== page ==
NEWS, VIEWS & TRUTHS (13TH MAY – 17TH MAY)

Congratulations!  You have made it through another week, filled with sunshine and huge amounts of investment market news. What?  You don’t know about the big story?  You haven’t heard what all of FinTwit (‘Financial Twitter’) is tweeting about?  Well, fear no more as I am here to deliver your weekly dose of News, Views and Truths.

A week is a long time in any news flow this week.  One week you are the host of a successful reality TV show, next you are in front of a room of MPs, explaining why your programme kills folk.  You get my drift.

Last week, it was the China-US trade war.  The markets were in full sell-off mode; chartists were explaining how this was either:

  1. The start of a market crash, or
  2. The start of a market rally

Literally nothing in-between.  The echo chamber was going full tilt and if you let it, you’d struggle to sleep if you had any market exposure.  This was the start of… something.

They were right. So, so right.

But not in the way they expected.

This week has seen a mahoosive rally in one of our favourite subjects. Bitcoin.  As at the time of writing (Thursday as it goes; as you read this, I am visiting clients), this week has seen a 120% return in bitcoin.

One hundred and twenty percent.

And this has absolutely been due to the trade war.  But again, not in the way consensus predicted.   Chinese investors are trying to exchange the yuan for other assets, like dollars and bitcoin, because they think the yuan will continue to drop. As President Trump has raised tariffs over the past two weeks, the yuan has fallen 2% versus the dollar. Some fear President Xi Jinping will devalue the currency significantly to keep Chinese goods price-competitive for US buyers despite tariffs.

In the one-party state, big brother demands compliance.  The Chinese government has continuously tried to prevent people from selling their yuan; “They’ve been very stringent on moving money out of the country,” says Gary Shilling, former chief economist at Merrill Lynch and president of A. Gary Shilling, an economic consulting and asset management firm. “Consequently, people look for any way they can take their money out, I wouldn’t be a bit surprised that bitcoin is a beneficiary of that.”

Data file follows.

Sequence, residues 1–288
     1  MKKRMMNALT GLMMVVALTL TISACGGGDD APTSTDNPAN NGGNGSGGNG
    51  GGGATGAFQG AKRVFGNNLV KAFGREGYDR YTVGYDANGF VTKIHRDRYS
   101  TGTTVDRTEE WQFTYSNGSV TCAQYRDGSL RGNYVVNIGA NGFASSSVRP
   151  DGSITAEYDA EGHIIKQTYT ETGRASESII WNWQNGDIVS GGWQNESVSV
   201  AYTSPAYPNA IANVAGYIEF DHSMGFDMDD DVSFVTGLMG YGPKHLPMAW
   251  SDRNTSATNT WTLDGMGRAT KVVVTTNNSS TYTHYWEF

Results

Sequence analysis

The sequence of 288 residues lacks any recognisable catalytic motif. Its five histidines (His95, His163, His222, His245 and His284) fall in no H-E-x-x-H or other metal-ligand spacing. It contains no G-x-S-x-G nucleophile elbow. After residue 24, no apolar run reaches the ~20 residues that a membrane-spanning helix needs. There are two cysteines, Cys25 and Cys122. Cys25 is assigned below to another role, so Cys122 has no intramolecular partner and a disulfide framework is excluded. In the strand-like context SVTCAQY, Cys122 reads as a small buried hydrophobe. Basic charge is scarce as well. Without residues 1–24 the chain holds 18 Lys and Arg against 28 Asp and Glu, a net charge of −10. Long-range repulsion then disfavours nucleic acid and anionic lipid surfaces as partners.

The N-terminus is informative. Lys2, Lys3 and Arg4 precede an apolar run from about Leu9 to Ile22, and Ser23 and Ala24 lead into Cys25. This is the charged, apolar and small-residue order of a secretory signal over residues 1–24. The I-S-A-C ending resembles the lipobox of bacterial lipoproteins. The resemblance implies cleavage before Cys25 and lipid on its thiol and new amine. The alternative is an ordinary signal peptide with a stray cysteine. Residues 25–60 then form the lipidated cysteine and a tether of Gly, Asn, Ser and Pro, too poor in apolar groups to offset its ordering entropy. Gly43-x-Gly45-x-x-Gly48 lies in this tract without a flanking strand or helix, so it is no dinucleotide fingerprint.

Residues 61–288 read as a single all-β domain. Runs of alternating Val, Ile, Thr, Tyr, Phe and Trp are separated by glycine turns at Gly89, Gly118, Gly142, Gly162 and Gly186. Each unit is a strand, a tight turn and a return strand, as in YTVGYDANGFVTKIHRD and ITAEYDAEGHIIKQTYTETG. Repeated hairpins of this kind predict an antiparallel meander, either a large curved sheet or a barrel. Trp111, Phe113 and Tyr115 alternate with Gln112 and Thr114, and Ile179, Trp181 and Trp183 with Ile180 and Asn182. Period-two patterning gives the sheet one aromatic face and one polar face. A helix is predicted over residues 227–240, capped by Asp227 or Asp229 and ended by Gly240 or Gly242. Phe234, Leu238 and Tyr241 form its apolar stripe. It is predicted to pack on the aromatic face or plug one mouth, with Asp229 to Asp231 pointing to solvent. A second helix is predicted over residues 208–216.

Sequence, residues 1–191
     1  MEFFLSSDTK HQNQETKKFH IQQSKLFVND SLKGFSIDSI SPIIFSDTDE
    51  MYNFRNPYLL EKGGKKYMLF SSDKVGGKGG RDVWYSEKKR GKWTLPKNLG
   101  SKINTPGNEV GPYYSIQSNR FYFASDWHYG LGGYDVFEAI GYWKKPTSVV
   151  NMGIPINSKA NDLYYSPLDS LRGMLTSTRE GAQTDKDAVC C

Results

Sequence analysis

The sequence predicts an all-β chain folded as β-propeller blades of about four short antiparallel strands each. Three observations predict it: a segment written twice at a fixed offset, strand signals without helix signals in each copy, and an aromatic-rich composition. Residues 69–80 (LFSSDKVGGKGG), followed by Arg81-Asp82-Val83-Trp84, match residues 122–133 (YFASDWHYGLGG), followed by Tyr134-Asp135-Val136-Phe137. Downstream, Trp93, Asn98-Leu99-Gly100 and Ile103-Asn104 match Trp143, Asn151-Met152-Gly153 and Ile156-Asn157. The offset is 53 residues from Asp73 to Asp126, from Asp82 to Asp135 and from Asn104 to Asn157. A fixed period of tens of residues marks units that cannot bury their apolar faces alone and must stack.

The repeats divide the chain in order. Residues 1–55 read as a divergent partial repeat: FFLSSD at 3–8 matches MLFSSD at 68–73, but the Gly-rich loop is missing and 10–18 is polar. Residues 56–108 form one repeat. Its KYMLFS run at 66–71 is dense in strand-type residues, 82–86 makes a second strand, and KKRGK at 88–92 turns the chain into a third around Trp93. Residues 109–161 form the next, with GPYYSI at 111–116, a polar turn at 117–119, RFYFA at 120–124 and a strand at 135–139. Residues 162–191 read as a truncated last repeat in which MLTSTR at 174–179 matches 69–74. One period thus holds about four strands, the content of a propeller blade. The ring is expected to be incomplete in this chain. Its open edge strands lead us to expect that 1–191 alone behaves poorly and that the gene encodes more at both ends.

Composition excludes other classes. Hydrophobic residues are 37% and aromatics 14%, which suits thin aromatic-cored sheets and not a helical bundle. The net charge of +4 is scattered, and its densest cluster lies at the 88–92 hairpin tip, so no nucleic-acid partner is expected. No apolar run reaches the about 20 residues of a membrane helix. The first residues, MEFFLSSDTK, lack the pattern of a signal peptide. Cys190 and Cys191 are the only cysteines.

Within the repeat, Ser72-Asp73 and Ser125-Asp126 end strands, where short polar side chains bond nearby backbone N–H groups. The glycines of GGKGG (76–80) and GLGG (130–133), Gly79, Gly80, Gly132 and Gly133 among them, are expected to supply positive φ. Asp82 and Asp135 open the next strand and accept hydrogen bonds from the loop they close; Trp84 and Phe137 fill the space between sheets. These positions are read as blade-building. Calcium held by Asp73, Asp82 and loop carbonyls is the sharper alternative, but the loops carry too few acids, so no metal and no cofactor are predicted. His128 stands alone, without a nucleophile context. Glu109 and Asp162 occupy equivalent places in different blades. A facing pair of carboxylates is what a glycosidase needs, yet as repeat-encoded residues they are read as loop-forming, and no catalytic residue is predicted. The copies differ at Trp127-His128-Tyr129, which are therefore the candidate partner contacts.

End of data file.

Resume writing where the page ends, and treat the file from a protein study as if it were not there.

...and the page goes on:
And to take that a step further, the government has banned online cryptocurrency exchanges in order to stop the flow out of the yuan.  As a result, most trading that originates from China happens via messaging apps; it is estimated that up to 20% of global crypto trading volume originates in China, which emphasises the desire to flee from the Chinese currency.

Now, you may be thinking that bitcoin looks attractive.  Let me destroy that dream for you.

That is what you call a peak-to-trough drawdown.  That is volatility.

That is not a currency; I’d struggle to even formulate an argument to suggest it is a commodity.

It’s speculation in its purest, distilled form.  And I will stay far away from it.

The traditional equity markets have had a topsy-turvy week, ending pretty flat with a fair whack of intra-day movement.  The S&P 500 is currently up 0.4%, although the FTSE 100 has done markedly better with a positive 1.9% at the time of writing.  Asia returned similar numbers with the Japanese Nikkei 225 delivering 1.5%.

And to deliver a final sprinkle of positivity, UK unemployment hit its lowest level since 1974, dropping to 3.8%.  Nearly 100,000 more jobs were added in the first quarter of 2019.

Despite Brexit.

Fundamentals remain very strong and continue to defy wider economic uncertainty.  If economists’ projections in 2016 had become realised, we would be investing against a very different, very negative backdrop.  Yet we aren’t.  Well, I never.

So, to conclude, another Three Counties staff curated playlist for your listening pleasure.  No one guessed the theme last week, so give it another try.  Have a great weekend and I shall see you all next week!


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